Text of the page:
As a means of curbing the spread of the deadly respiratory infection which has claimed over two million lives globally and about 1,500 lives in the country, anyone experiencing loss of smell has been advised to go and isolate at home or a nearby isolation centre, as loss of smell has been established as a valid symptom of COVID-19.
An infectious disease expert, Dr Adefolarin Opawoye, made the assertion on Tuesday, telling people with loss of smell not to bother going for test at the laboratory, but seek care at the nearest isolation centre, because it definitely must be COVID.
Opawoye, who was one of the speakers during the virtual programme organised by the Federal Neuro-Psychiatric Hospital, Yaba, Lagos, highlighted the symptoms of COVID-19 like headache, sore throat, running rose, fever, loss of smell, loss of taste or alteration in taste; however identified loss of smell as the surest symptom of the virus.
“I like loss of smell because not many conditions present with loss of smell. So I tell people that once you have loss of smell, don’t bother going for test, just go and isolate yourself at home or at the isolation centre, because you definitely most likely have COVID-19.
“I have had patients who discovered they have lost their sense of smell when they are in the toilet, or when they apply perfume, or when they are in the kitchen. Some people just have bitter taste.
“The ones that are most serious are the ones with difficulty in breathing. Although some of them may be looking as if nothing is happening, but their cases might have gone far, for the people with difficulty in breathing”, he explained.
He further harped on the need for people to stay safe from the infection by adhering to all prevention protocols as even asymptomatic patients can spread the virus without showing any symptom.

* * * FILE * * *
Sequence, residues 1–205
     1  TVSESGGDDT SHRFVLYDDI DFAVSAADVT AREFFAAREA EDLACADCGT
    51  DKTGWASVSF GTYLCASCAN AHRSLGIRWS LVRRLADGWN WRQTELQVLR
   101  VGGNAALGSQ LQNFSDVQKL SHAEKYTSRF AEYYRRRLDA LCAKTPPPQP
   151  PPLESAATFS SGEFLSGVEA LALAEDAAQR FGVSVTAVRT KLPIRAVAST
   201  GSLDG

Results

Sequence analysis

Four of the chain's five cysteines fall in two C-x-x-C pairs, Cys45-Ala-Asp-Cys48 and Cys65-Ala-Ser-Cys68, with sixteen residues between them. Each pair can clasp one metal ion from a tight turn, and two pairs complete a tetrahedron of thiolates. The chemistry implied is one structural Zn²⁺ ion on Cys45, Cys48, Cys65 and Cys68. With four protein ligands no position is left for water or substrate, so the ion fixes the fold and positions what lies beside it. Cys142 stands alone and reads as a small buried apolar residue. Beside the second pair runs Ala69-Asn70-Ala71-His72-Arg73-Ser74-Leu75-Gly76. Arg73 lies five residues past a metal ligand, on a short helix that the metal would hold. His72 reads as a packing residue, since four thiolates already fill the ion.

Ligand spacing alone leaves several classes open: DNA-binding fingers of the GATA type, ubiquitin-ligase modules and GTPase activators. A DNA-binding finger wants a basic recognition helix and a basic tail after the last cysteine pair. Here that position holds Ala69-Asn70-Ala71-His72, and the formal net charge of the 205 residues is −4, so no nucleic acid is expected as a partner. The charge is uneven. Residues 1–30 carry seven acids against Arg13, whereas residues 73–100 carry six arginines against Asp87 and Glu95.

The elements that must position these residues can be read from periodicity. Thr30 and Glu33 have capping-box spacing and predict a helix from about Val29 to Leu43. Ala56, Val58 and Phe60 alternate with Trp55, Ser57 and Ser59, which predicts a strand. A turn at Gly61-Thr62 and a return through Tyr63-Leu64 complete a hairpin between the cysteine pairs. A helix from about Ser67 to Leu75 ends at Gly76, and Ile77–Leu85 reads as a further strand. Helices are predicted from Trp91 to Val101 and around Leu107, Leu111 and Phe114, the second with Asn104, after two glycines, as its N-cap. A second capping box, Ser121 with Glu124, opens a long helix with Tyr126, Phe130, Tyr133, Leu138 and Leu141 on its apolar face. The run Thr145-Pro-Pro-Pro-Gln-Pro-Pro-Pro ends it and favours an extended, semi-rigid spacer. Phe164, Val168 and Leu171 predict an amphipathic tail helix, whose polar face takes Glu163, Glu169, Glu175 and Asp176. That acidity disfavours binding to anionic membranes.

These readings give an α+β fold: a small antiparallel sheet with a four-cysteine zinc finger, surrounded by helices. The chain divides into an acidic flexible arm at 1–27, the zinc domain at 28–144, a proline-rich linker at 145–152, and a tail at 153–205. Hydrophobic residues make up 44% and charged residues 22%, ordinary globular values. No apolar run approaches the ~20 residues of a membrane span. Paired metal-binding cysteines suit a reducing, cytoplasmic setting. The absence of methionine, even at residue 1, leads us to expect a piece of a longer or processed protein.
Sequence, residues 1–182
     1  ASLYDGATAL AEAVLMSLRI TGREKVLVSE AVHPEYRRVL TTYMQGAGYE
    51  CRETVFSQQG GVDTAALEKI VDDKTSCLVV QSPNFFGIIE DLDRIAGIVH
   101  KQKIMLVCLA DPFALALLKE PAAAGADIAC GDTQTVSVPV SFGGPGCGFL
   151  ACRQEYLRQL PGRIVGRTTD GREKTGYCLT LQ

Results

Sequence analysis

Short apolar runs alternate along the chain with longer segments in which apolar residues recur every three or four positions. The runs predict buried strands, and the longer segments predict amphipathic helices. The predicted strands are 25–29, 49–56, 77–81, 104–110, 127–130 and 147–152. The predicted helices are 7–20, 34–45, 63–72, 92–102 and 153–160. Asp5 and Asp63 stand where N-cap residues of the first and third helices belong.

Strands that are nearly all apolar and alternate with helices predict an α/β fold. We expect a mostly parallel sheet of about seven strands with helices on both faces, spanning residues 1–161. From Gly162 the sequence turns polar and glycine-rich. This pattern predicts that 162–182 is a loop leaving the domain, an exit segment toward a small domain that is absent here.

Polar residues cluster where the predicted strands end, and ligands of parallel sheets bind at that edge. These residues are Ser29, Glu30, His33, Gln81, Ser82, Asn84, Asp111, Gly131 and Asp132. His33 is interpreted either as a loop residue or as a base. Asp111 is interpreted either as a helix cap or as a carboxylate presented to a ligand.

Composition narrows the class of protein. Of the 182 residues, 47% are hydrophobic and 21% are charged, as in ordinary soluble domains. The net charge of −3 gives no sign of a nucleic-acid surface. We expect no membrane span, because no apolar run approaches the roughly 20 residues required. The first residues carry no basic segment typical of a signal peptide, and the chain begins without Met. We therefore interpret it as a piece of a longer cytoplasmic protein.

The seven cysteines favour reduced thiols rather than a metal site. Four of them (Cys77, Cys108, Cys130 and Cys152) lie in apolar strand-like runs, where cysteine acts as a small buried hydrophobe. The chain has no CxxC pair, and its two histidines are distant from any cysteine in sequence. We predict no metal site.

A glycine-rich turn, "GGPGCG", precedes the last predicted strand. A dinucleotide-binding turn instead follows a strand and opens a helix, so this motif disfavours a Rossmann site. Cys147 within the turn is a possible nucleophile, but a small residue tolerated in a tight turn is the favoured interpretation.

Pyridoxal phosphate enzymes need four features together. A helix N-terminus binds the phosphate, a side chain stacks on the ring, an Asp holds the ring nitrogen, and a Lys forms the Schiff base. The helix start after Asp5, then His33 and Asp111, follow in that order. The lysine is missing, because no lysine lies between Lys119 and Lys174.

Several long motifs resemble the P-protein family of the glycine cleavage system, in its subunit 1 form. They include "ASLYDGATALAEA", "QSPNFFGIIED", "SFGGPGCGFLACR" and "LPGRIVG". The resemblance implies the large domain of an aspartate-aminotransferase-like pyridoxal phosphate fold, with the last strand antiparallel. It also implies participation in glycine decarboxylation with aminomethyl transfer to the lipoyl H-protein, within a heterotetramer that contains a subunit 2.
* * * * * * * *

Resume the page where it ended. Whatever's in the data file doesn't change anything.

Opawoye, who works at the Infectious Diseases Unit, Lagos University Teaching Hospital, lamented the complexity of the infection, which leave no one out of its onslaught. He punctured the earlier medical assumption that the virus is more deadly on the elderlies and children, saying there is no reliable means of predicting who is likely to die from the virus.
He said: “There is no reliable way to predict who is likely to die from COVID. I have lost a 37- years -old, a 29- years- old who was pregnant. I have also lost an 82- years- old and an 83- years- old, so there is no way to predict.
“The reality is that some people will be very sick, and some will be fine. I have treated a 91- years- old woman, who did not have any symptom, and I have lost a 19 year-old girl to COVID-19”.
The infectious disease practitioner therefore urged all Nigerians to ensure to always mask up properly in public places to stay safe from the virus as prevention is better than cure.
Another speaker at the seminar, Dr Charles Umeh, a senior lecturer/consultant clinical psychology, LUTH, stressed the need for hospital management to organise special sessions for frontline health workers as most of they are experiencing psychology stress, anxiety, and post-traumatic stress.
As a seasoned frontliner, he expressed the feelings of most health workers at the battle front saying the second wave spike in cases has brought emotional exhaustion, pantophobia, fear of contacting the disease and spreading to their family members, stress, burnout, among others.
“Our experience during the first phase has shown us how best to care for our workers, as we had debriefing sessions with them, where they allowed to vent their experiences, creation of relaxation exercises, creation of time to go on break to ease compassion fatigue”, he narrated.
He gave some tips to assist frontliners in easing their fatigue such as dancing, exercises, and when level of stress is high, they should see a therapist. Training and retraining, and getting the right information were some of the recommendations he made in reducing the stress.